Share Button

We recently got a great write-up from Merryn Johns, Curve Magazine’s wonderful editor-in-chief. This is a source of great pleasure to me, as I have struggled hard to include Lesbian history in our tours. Unfortunately, as anyone who studies LGBT history knows, there is less evidence for Lesbian history than gay male history from almost every period and place and culture. This is not as you might imagine because of prejudice against Lesbians.

Rosa Bonheur

Rosa Bonheur

Instead there is simply less evidence for women’s private lives than men’s. In other words, it has to do with women’s general invisibility rather than Lesbianism’s status.

Since Lesbianism obviously involves *only* women, it is largely hidden in the historical record. This is less true from the 19th century on, however. As a result, LGBT tours of modern places like New York or Paris are relatively rich in Lesbian history.

Our Greenwich Village LGBT history walking tour is particularly good. Many famous Lesbians have made their home in the Village, and there have even been Lesbian bars in the Village since the early 20th century.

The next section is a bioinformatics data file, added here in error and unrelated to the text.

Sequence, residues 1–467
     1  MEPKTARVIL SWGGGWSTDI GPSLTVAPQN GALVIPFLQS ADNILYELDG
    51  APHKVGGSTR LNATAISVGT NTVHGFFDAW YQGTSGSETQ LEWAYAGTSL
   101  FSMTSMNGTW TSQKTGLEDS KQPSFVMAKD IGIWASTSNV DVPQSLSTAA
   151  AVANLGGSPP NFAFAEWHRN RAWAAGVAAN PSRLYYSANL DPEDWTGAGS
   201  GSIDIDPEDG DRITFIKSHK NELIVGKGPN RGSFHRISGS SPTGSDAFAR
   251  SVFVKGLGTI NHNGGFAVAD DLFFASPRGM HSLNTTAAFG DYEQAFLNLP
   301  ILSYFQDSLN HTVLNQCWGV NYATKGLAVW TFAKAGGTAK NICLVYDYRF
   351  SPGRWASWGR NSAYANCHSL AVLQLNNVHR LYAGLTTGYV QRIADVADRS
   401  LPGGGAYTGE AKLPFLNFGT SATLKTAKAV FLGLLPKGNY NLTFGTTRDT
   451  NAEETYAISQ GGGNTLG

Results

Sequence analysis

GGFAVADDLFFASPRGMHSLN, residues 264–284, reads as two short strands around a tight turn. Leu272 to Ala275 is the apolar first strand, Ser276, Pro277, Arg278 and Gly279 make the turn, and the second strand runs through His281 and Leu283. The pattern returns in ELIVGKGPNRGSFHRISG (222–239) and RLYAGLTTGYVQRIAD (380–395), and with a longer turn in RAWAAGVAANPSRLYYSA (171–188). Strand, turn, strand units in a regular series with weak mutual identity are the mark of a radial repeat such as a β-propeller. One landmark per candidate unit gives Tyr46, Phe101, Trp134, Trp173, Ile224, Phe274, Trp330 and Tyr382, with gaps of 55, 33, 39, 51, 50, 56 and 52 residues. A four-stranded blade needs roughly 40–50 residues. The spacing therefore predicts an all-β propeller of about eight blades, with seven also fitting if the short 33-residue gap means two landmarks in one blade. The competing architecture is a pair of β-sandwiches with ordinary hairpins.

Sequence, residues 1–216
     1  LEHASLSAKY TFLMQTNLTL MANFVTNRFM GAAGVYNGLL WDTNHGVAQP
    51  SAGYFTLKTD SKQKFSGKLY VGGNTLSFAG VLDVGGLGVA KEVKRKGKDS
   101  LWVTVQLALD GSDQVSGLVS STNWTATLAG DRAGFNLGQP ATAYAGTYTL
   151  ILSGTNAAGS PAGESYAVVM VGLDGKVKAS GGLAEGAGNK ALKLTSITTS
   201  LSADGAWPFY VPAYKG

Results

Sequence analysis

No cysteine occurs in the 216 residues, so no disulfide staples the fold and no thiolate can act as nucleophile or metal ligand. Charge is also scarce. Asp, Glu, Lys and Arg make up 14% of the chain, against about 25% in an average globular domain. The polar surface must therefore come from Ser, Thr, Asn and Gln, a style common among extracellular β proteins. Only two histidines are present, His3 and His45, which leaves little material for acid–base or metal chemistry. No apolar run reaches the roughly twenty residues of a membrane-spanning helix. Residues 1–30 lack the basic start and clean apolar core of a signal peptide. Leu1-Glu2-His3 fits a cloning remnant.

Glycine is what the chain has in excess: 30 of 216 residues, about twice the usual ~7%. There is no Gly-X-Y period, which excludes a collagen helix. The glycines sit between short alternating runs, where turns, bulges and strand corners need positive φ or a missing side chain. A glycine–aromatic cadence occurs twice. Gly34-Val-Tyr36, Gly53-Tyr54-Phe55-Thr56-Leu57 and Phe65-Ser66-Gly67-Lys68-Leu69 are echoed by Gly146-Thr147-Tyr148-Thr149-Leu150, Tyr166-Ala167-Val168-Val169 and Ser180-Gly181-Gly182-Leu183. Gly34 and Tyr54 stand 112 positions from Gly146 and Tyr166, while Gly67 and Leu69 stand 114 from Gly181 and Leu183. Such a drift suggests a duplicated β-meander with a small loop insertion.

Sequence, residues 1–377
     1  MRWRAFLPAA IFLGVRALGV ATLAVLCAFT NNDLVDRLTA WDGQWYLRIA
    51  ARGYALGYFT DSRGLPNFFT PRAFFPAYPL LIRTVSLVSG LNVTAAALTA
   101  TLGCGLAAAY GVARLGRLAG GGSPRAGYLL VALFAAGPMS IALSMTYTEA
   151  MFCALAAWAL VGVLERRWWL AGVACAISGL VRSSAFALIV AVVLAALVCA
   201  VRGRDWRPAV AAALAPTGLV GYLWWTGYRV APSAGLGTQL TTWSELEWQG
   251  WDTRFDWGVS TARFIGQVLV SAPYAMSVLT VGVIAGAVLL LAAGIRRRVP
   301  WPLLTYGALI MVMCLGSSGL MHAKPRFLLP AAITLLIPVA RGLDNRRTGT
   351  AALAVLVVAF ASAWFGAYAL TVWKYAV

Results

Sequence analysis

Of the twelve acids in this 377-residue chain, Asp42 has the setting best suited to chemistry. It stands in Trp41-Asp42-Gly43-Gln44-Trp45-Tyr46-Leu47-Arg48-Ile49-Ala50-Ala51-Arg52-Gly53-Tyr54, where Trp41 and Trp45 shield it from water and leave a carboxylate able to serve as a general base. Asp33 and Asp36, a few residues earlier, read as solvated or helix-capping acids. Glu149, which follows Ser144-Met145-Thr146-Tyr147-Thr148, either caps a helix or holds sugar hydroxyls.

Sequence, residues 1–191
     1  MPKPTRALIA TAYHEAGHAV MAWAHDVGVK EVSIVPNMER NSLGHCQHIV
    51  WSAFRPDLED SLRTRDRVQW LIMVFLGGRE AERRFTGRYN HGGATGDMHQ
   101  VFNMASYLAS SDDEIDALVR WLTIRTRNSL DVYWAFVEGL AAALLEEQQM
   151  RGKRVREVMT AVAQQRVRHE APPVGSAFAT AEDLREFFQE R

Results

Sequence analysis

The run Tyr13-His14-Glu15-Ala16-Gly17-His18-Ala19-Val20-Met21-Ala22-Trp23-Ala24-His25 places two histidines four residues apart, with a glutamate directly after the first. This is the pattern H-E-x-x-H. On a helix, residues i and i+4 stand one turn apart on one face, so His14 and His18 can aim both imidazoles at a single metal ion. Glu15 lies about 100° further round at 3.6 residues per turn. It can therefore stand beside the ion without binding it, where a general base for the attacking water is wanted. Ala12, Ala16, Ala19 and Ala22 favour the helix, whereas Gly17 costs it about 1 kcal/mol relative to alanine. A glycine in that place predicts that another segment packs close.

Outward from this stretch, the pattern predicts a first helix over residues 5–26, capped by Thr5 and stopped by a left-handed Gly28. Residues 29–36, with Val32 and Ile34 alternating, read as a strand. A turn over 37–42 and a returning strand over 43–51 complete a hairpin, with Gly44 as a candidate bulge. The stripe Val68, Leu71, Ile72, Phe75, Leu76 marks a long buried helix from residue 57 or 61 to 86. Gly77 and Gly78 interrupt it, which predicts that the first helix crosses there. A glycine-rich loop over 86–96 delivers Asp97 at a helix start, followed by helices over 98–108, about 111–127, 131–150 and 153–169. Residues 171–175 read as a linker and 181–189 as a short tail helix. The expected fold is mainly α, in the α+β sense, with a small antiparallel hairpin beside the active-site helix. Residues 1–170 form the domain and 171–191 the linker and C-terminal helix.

The “Gay Secrets of the Metropolitan Museum” tour also includes a lot of Lesbian history, from a Greek vase that may depict female-female courtship to the amazing painting by Rosa Bonheur illustrated in the article and Picasso’s portrait of Gertrude Stein.



Curve says:

I recently took the tour of the Metropolitan Museum, and was amazed to find many sculptures, ceramics, canvases and photographs that had gay tales to tell. While art and its history have been very male-centric, and the tour is admittedly of special interest to gay men, lesbians are not left out. Conducted by Professor Andrew Lear, who might be Ian McKellen’s little brother, the tour was fun, gossipy, and had something for the girls.

Check out the article:

And come on our New York gay history tours! For more info, and to buy tickets: